Fast v. Applebee's International, Inc.

Filing 252

ORDER by Judge Nanette Laughrey denying 176 motion for partial summary judgment. ORDERED that Plaintiff's motion for summary judgment [Doc. # 176] is DENIED.(Smith, Fran)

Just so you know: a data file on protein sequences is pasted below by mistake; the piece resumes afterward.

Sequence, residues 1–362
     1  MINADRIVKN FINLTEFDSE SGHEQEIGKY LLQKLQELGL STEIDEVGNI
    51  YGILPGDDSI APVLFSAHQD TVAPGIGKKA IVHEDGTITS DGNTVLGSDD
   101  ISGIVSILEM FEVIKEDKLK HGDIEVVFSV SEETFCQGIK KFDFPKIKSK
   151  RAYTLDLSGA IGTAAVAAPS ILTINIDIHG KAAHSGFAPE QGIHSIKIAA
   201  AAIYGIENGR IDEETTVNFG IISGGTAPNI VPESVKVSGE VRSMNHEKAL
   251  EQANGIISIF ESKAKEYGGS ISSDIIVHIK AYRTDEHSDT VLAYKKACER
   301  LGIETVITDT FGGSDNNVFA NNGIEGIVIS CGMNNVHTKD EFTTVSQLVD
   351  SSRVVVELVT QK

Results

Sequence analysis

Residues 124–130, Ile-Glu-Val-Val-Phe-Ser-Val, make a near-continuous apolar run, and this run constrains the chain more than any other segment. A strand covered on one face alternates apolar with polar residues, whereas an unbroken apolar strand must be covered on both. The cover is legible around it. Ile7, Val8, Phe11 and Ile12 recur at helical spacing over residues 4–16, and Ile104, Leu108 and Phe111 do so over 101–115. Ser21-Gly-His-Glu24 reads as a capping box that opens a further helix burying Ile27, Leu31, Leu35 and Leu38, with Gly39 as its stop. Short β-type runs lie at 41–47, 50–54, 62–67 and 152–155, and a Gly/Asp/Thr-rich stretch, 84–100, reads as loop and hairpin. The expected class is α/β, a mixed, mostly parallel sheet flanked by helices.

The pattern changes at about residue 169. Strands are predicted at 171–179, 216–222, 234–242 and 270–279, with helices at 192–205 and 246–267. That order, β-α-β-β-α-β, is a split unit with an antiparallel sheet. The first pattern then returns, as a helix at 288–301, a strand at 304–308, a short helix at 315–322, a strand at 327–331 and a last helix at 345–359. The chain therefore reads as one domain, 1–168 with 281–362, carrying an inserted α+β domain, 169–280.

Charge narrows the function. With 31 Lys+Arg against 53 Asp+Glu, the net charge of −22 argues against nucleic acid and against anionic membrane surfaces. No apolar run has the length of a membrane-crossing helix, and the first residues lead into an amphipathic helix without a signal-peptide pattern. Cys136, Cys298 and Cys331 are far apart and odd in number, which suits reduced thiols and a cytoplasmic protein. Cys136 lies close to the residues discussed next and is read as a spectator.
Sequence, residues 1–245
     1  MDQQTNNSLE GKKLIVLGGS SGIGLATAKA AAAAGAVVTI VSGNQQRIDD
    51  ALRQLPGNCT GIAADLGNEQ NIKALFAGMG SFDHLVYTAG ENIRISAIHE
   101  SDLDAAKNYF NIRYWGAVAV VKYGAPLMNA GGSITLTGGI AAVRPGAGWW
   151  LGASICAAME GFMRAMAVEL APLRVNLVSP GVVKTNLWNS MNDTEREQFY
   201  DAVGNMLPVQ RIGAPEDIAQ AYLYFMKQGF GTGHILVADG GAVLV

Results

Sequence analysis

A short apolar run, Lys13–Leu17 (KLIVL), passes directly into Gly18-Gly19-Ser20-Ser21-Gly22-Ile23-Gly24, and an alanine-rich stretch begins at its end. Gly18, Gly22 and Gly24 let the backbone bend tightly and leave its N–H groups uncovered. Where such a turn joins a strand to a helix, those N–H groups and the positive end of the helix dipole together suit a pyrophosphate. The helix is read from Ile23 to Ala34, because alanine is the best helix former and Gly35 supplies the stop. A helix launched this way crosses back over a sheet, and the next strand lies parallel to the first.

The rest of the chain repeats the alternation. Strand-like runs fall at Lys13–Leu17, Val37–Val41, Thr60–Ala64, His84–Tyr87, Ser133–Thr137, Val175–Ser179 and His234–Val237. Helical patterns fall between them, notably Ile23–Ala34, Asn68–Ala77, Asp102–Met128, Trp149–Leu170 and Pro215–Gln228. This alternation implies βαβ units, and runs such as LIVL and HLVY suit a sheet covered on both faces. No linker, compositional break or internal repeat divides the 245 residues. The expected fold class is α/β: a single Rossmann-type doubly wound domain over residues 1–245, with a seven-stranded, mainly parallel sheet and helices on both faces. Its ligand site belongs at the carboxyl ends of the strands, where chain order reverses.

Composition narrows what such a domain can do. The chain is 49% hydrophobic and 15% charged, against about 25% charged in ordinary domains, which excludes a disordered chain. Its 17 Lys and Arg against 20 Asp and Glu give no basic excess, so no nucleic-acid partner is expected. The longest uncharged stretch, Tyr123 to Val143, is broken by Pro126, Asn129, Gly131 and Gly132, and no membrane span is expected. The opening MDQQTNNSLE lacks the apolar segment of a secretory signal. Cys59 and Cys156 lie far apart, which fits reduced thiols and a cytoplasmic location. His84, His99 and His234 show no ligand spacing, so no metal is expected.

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IN THE UNITED STATES DISTRICT COURT FOR THE W E S T E R N DISTRICT OF MISSOURI C E N T R A L DIVISION G E R A L D A. FAST, TALISHA C H E S H IR E , and BRADY GEHRLING, P l a i n t if f s , v. A P P L E B E E 'S INTERNATIONAL, INC., D e f e n d a n t. ) ) ) ) ) ) ) ) ) ) C as e No. 06-4146-CV-C-NKL ORDER P lain tiff s Gerald A. Fast, Talisha Cheshire, and Brady Gehrling ("Plaintiffs") filed this c a se as a collective action under the Fair Labor Standards Act ("FLSA"), 29 U.S.C. 216. T h e y allege that Defendant Applebee's International, Inc. ("Applebee's"), has failed to pay its servers and bartenders an appropriate wage under the FLSA. Before the Court is P la in tif f s ' motion for partial summary judgment [Doc. # 176]. It is DENIED. I. B a c k gro u n d1 P la in t if f s were (or are) servers and bartenders at Applebee's restaurants. Plaintiffs' C o m p la in t alleges that Applebee's is liable under the FLSA for paying them the tipped wage ra te for time they spent performing non-tipped work. The following facts are drawn from the supported statements of undisputed facts set forth in the parties' briefs on Plaintiffs' motion for summary judgment, as well as procedural facts appearing in the Court's docket. All facts are considered in the light most favorable to Applebee's, the nonmovant. 1 A p p le b e e's denies liability and claims that it adopted its compensation and tim e k e ep in g practices for servers and bartenders in good faith, in reliance on written a d m in is tra tiv e regulations, orders, rulings or interpretations of the United States Department o f Labor. Thus, Applebee's states it is shielded from any liability on Plaintiffs' claims by the g o o d faith defense found in 29 U.S.C. 259. [Doc. # 82.] In its May 3, 2007, summary judgment Order, the Court found that employers may pay th e tipped wage rate in certain circumstances: F L S A regulations and the [Department of Labor's Field Operations] Handbook in d ic a te that a tipped employee's duties must fall into one of three categories. The first c a te g o ry includes all tip producing duties. An employer may take the tip credit for any e m p l o ye e time that falls within the first category. If an employee's duty is not tip p ro d u c i n g , then it must be incidental to one of the employee's tip producing duties (th e second category), or it must be a duty that is unrelated to any of the employee's tip producing duties (the third category). If the duty falls within the second category, th e n the employer may take the tip credit for the time the employee spent on incidental d u tie s so long as the incidental duties do not exceed 20 percent of the employee's o v e ra ll duties. If the employee's second category duties exceed 20 percent of the e m p lo y e e's overall duties, then the employer may not take the tip credit for any of the e m p l o y e e 's time spent on second category duties. Finally, an employer may not take the tip credit for any employee time that falls within the third category because third c a te g o r y duties are treated as separate and distinct occupations. [D o c. # 73 (emphasis added).] The parties dispute what Applebee's policy was with regard to the amount of time s p e n t by servers and bartenders on non-tip producing duties, as well as the extent to which A p p l e b e e's monitored that time and the extent to which it was required to keep records of su c h time. With regard to Applebee's policy, Applebee's corporate designee testified that it is Applebee's policy that its tipped-wage employees should not spend more than twenty 2 p e rc e n t of their shifts performing non-tipped work. However, Applebee's does not have a w ritten policy requiring its servers and bartenders to spend less than twenty percent of their tim e on non-tipped work; nor does it specifically inform its servers and bartenders of the tw e n ty percent tolerance. One document, titled "Best Demonstrated Practices," which was a p p a re n tly directed to Applebee's restaurant managers, indicates that Applebee's could save o n labor costs by having servers and bartenders perform non-tipped work during slow times; b u t none of the managers deposed in this case had seen the document or implemented such a practice. As for how much time was actually spent on non-tip producing duties, Plaintiffs claim th a t they spent more than twenty percent of their time performing such duties, and Applebee's d e n ies this (at least as to the majority of Plaintiffs and opt-in plaintiffs). However, with re g a rd to records of time spent on tipped and non-tipped producing duties, Applebee's did n o t generate any data which specifically shows the amount of time servers and bartenders s p e n t on tip producing work. O n June 19, 2007, the Court conditionally certified the following class in this case, a s suggested by Plaintiffs: c u rre n t and former servers and bartenders at 'corporate' restaurants (i.e. those operated b y defendant or its subsidiaries as opposed to franchisees) . . . who were/are directed o r permitted to perform duties that would not generate tips such as general m a in te n a n c e and preparatory work in excess of twenty percent (20%) of their shift w ith o u t paying them at least minimum wage for such work. 3 [ D o c . # 83.] After notice was sent to potential class members, over 5,549 plaintiffs opted in to the action. B o th Plaintiffs and Applebee's retained experts to analyze the amount of time servers a n d bartenders spent performing non-tipped work. Applebee's retained an expert to study s e rv e r s and bartenders at thirty of its restaurants, videotaping their activities for three weeks, a n d recording what duties several randomly-selected servers and bartenders performed over the course of one week. Analyzing this data, Applebee's expert concluded that the servers a n d bartenders he observed devoted an average of eighteen percent of their time to duties that P la in tif f s would classify as non-tipped work. The parties do not discuss the findings of Plaintiffs' experts in their statements of fact in the briefing on Plaintiffs' motion for summary judgment. Applebee's does mention the re p o rt of one of Plaintiffs' experts in its response brief. That expert report states that its c o n c lu s io n s are based, in part, on responses to a questionnaire sent to opt-in plaintiffs c o n c e rn in g the amount of time they spent on non-tipped work. Approximately 1,610 opt-in p la in tif f s responded to that questionnaire, submitting 2,103 responses. The responses in d ic a te that the responding opt-ins spent anywhere from zero percent to (apparently) over o n e hundred percent of their time on unspecified non-tipped work. From those responses, P la in tif f s' expert determined the average amount of time spent by opt-in plaintiffs on nontip p e d work was 43.8%. II. D is c u s s io n 4 P lain tiff s, on behalf of themselves and all opt-in plaintiffs, move for partial summary ju d g m e n t on the issues of (a) whether Applebee's paid Plaintiffs and all opt-in plaintiffs p ro p e rly and (b) whether Applebee's may assert a good faith defense under 29 U.S.C. 259. B e f o re ruling on this motion, the Court considered the issues, arguments and authorities ra ise d both in the briefs and at oral argument. S u m m a ry judgment is proper "if the pleadings, depositions, answers to interrogatories, a n d admissions on file, together with the affidavits, if any, show that there is no genuine is s u e as to any material fact and that the moving party is entitled to a judgment as a matter o f law." Fed. R. Civ. P. 56(c). The moving party bears the "responsibility of informing the d is tric t court of the basis for its motion," and must identify "those portions of [the record] w h i c h it believes demonstrate the absence of a genuine issue of material fact." Celotex Corp. v . Catrett, 477 U.S. 317, 323 (1986). If the moving party satisfies its burden, Rule 56(e) re q u ire s the nonmoving party to respond by submitting evidentiary materials that designate " s p e c if ic facts showing that there is a genuine issue for trial." Matsushita Elec. Indus. Co. v . Zenith Radio Corp., 475 U.S. 574, 587 (1986). In determining whether summary judgment is appropriate, a court must look at the record and any inferences to be drawn from it in the lig h t most favorable to the nonmoving party. Anderson v. Liberty Lobby, Inc., 477 U.S. 242, 2 5 5 (1986). 5 A. L i a b i li t y P la in tif f s seek a ruling that, as a matter of law, Applebee's is liable to the Plaintiffs a n d the opt-in plaintiffs for unpaid wages because Applebee's has failed to show that it was e n title d to take the tip credit for those employees who worked more than twenty percent of th e ir time doing work incidental to tip producing work. Plaintiffs argue that, under the F L S A , the burden is upon Applebee's to prove by "clear and affirmative evidence" that it was entitled to pay Plaintiffs and the opt-in plaintiffs the tipped wage. Plaintiffs appear to a rg u e that their only burden is to generally claim that all Plaintiffs and all opt-in plaintiffs s p e n t more than twenty percent of their time on unspecified non-tipped work and that, after they have done so, the burden shifts to Applebee's to disprove that assertion by documentary e v id e n c e. According to Plaintiffs, because Applebee's cannot produce documentary records o f how much time its servers and bartenders spent on non-tipped work, Applebee's cannot m e e t its burden. Applebee's correctly points out that the tip credit is contained in a definitional section o f the FLSA and therefore is not an exemption or exception which the employer must prove. C o m p a r e 29 U.S.C. 207 ("Maximum Hours") and 213 ("Exemptions") with 29 U.S.C. 203 ("Definitions"). Instead, the employee must prove that he or she performed work for w h ic h he or she has not been paid. Anderson v. Mount Clemens Pottery Co., 328 U.S. 680, 6 8 6 -8 7 (1946). In Mount Clemens, the court stated, "An employee who brings suit . . . for u n p a id minimum wages . . . has the burden of proving that he performed work for which he 6 w a s not properly compensated." Id. at 986-87. The Mount Clemens court also found that e m p lo ye rs are charged with keeping records demonstrating that employees have been p ro p e rly compensated, and that employees should not be penalized for failing to produce co n v incin g substitutes for such records where employers fail to keep them. Id. at 687. T h e re f o re , the Mount Clemens court held, "In such a situation we hold that an employee has c a rrie d out his burden if he proves that he has in fact performed work for which he was im p ro p e rly compensated and if he produces sufficient evidence to show the amount and e x t e n t of that work as a matter of just and reasonable inference." Id. To prevail on their FLSA claims, Plaintiffs have the burden of proving that they p e rf o rm e d work for which they have not been compensated. Because there remain disputed is s u e s of fact concerning this issue, summary judgment is not appropriate. B. G o o d Faith Defense under 29 U.S.C. 259 N e x t, Plaintiffs argue that, as a matter of law, Applebee's is not entitled to the good f a ith defense provided by 29 U.S.C. 259. Section 259 provides immunity from liability in F L S A cases where an employer pleads and proves: th a t the act or omission complained of was in good faith in conformity with and in re lia n c e on any written administrative regulation, order, ruling, approval, or in te rp re ta tio n , of the [United States Department of Labor] . . . . 29 U.S.C. 259(a) and (b)(1); Hultgren v. County of Lancaster, Neb., 913 F.2d 498, 507 (8th C ir. 1990). "This defense is essentially an estoppel defense to protect employers from an a g e n c y's mistakes in statutory interpretation." Hultgren, 913 F.2d at 507. A 259 defense 7 re q u ire s an objective test where an employer must prove the following: (1) its compensation p o lic ie s were adopted in reliance on a written interpretation of the FLSA by the Department o f Labor, (2) the policies were in conformity with that interpretation; and (2) its actions were o b je c tiv e ly reasonable. See Hultgren, 913 F.2d at 507 (stating that the interpretations on w h ich the defense is based must be both written and "specific enough to provide guidance"). P la in tif f s argue that Applebee's is not entitled to the 259 defense because the e v i d e n c e shows that Applebee's did not rely on or conform with FLSA requirements. P la in tif f s point to the Handbook, cited in the Court's May 3, 2007, Order. The Handbook in d ic a te s that employees who spend more than twenty percent of their time performing nontip p e d work cannot be paid the tipped wage and must be paid at least the minimum wage for such work. Plaintiffs take the position that Applebee's cannot claim the good faith d e f en s e unless it relied on and conformed with the twenty percent tolerance laid out in the H andbook. F u r th e r, Plaintiffs state that Applebee's inaction with regard to the Handbook re q u ire m e n ts demonstrates that it was not acting in good faith. Plaintiffs argue that A p p lebe e's does not train its managers to assure that servers and bartenders spend no more th a n twenty percent of their time on non-tipped work, or have written rules or training c o n c e rn in g limits on non-tipped work. Applebee's does not monitor employee time spent in s u c h work. Plaintiffs point to one document, titled "Best Demonstrated Practices," which ap p ea rs to encourage its restaurants to save labor costs by having its servers and bartenders 8 p e rf o rm non-tipped work. Plaintiffs emphasize letters sent by Applebee's to the Department o f Labor promising that Applebee's would assure that employees were properly monitored a n d compensated according to the twenty percent Handbook directive, and argue that A p p le b e e 's broke this promise. In response, Applebee's argues evidence indicating that it did rely on and conform w it h Department of Labor interpretations regarding payment for non-tipped work in good f a ith . Applebee's notes that there is no statutory guidance demonstrating the specific duties f o r which employees may be paid the tipped wage, as opposed to minimum wage. A p p leb e e 's argues that 29 C.F.R. 516.56(e) indicates that it was not obligated to pay its e m p lo ye e s minimum wage for non-tipped work so long as the work they performed was w ith in the "occupation" of a server or bartender. See id. (stating that waitresses may spend p a rt of their time cleaning and setting tables, toasting bread, making coffee and washing d is h e s). Applebee's also cites a 1980 Department of Labor opinion letter, which gives the s a m e indication. See generally, Hultgren, 913 F. 2d at 507 (stating that opinion letters from th e Department of Labor "may properly be characterized as the position of the agency for p u rp o s e s of section 259"). Applebee's argues that, read in light of a 1985 opinion letter, the H a n d b o o k 's twenty percent tolerance relates only to work performed beyond their restaurants' g e n e ra l operating hours. Finally, Applebee's states that the Court's ruling setting forth the tw e n ty percent tolerance for non-tipped work was the first of its kind. Applebee's indicates th a t this evidence could support a finding that it relied on and acted in compliance with 9 D e p a rtm e n t of Labor regulations and opinion letters and therefore summary judgment on its g o o d faith defense is not appropriate. T h e re is also evidence that it is Applebee's policy that tipped-wage employees do not s p e n d over twenty percent of their time on non-tipped work. Applebee's produced evidence in d ic a tin g that the "Best Demonstrated Practices" document does not reflect its policies as a rg u e d by Plaintiffs, was not used in its restaurants, and is not inherently improper under D e p a r tm e n t of Labor interpretations. Viewing the facts in the light most favorable to A p p leb e e 's, it has produced some evidence that it does not have a policy to violate the twenty p e rc e n t rule. D ra w in g all inferences in favor of Applebee's, the Court cannot find as a matter of law t h a t Applebee's is not entitled to the 259 defense. There remain questions of fact co n ce rnin g whether Applebee's actions were in good faith. See Bouchard v. Regional G o v e r n i n g Bd. of Region V Mental Retardation Servs., 939 F.2d 1323 (8th Cir. 1991) (c o n sid e rin g particular facts and circumstances of employees' work situations in determining w h e t h e r their employer was entitled to a good faith defense). The Court cannot find, as a m a tte r of law, that Applebee's is not entitled to the protection of 259. III. C o n c lu s io n A c c o rd in g ly, it is hereby ORDERED that Plaintiff's motion for summary judgment [ D o c . # 176] is DENIED. 10 s / Nanette K. Laughrey NANETTE K. LAUGHREY U n ite d States District Judge D a te d : August 4, 2009 Jef fe rson City, Missouri 11